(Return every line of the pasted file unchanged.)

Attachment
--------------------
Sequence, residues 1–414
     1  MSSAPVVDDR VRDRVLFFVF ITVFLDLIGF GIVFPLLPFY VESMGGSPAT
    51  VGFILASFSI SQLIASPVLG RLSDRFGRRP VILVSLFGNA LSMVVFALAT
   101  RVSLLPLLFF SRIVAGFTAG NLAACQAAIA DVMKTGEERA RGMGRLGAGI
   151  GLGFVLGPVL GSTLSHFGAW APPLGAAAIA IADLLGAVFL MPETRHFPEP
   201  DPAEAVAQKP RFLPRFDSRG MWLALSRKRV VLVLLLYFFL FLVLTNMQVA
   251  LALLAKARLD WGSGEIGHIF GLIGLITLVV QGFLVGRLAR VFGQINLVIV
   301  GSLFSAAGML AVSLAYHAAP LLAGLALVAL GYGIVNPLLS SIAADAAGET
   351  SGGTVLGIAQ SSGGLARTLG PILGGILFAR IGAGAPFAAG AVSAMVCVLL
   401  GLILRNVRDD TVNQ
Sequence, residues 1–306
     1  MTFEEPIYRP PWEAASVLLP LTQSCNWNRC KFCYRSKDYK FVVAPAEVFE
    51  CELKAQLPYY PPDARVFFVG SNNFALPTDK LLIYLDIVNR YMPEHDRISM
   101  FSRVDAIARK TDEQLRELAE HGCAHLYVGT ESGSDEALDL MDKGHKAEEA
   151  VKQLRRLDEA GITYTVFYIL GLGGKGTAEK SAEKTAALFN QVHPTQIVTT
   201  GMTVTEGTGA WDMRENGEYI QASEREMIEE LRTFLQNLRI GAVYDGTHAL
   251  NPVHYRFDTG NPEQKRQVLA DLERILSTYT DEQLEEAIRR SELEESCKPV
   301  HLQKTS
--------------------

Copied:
Sequence, residues 1–414
     1  MSSAPVVDDR VRDRVLFFVF ITVFLDLIGF GIVFPLLPFY VESMGGSPAT
    51  VGFILASFSI SQLIASPVLG RLSDRFGRRP VILVSLFGNA LSMVVFALAT
   101  RVSLLPLLFF SRIVAGFTAG NLAACQAAIA DVMKTGEERA RGMGRLGAGI
   151  GLGFVLGPVL GSTLSHFGAW APPLGAAAIA IADLLGAVFL MPETRHFPEP
   201  DPAEAVAQKP RFLPRFDSRG MWLALSRKRV VLVLLLYFFL FLVLTNMQVA
   251  LALLAKARLD WGSGEIGHIF GLIGLITLVV QGFLVGRLAR VFGQINLVIV
   301  GSLFSAAGML AVSLAYHAAP LLAGLALVAL GYGIVNPLLS SIAADAAGET
   351  SGGTVLGIAQ SSGGLARTLG PILGGILFAR IGAGAPFAAG AVSAMVCVLL
   401  GLILRNVRDD TVNQ
Sequence, residues 1–306
     1  MTFEEPIYRP PWEAASVLLP LTQSCNWNRC KFCYRSKDYK FVVAPAEVFE
    51  CELKAQLPYY PPDARVFFVG SNNFALPTDK LLIYLDIVNR YMPEHDRISM
   101  FSRVDAIARK TDEQLRELAE HGCAHLYVGT ESGSDEALDL MDKGHKAEEA
   151  VKQLRRLDEA GITYTVFYIL GLGGKGTAEK SAEKTAALFN QVHPTQIVTT
   201  GMTVTEGTGA WDMRENGEYI QASEREMIEE LRTFLQNLRI GAVYDGTHAL
   251  NPVHYRFDTG NPEQKRQVLA DLERILSTYT DEQLEEAIRR SELEESCKPV
   301  HLQKTS